1. Dropped Calls — VoIP has been subject to a lot of criticism regarding the quality of calls. A major complaint of many users is that they frequently have dropped calls. This isn’t always the fault of the VoIP provider — it may be your broadband connection — but you may want to ask around to see if the provider you are thinking of signing up with has a history of these types of problems.
  2. Echo — Echo on calls isn’t something that’s specific to VoIP calls, it can happen just as easily over traditional phone lines. The difference is that with the inherent delay caused by VoIP, the echo is much more noticeable. Many companies equip their adapters with echo cancellation devices to reduce this phenomenon.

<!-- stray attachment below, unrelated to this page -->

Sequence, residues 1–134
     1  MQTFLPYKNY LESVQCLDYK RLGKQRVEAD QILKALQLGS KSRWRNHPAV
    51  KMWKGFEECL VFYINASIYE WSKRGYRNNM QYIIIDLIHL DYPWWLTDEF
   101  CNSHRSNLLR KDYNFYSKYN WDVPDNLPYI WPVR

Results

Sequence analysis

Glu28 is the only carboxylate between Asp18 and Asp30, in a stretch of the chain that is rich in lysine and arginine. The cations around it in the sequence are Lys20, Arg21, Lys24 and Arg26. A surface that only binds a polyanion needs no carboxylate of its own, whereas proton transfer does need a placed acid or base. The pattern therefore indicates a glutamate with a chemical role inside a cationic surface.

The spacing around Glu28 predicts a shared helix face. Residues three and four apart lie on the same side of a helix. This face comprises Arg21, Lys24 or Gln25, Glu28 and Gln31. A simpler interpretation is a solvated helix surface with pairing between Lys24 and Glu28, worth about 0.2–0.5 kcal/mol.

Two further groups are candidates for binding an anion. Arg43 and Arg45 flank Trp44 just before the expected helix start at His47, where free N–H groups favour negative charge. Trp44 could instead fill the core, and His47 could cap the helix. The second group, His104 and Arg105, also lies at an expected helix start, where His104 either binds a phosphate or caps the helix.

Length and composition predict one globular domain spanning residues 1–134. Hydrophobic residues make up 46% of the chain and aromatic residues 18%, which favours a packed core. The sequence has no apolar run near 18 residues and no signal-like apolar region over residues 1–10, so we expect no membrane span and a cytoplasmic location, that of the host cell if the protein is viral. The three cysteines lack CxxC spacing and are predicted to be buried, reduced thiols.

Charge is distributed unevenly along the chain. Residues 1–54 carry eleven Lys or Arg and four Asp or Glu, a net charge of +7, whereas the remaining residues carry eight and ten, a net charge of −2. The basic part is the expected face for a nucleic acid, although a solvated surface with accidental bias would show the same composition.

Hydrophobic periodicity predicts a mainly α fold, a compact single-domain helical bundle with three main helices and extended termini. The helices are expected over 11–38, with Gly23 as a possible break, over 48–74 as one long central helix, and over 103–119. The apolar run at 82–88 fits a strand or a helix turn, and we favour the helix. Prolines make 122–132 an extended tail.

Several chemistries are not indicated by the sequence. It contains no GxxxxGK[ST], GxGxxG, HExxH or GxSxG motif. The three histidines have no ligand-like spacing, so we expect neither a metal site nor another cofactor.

3. Hiss — Some VoIP lines might have a background hiss or white noise on them when you make a call. Sometimes the problem can be fixed by changing out hardware — a new router or a different kind of telephone — but sometimes it’s just a drawback of the service that you would have to learn to live with.
  4. Garbled Voice — VoIP can also be subject to voice garbling or cause sentence to be clipped at the beginning or end. Again, this can be related to the quality of your broadband connection. Before you settle on any complete change to VoIP service, see if the company offers a trial period so that you can test out the sound quality and reliability of the service before being completely dependent on it.

Security and Safety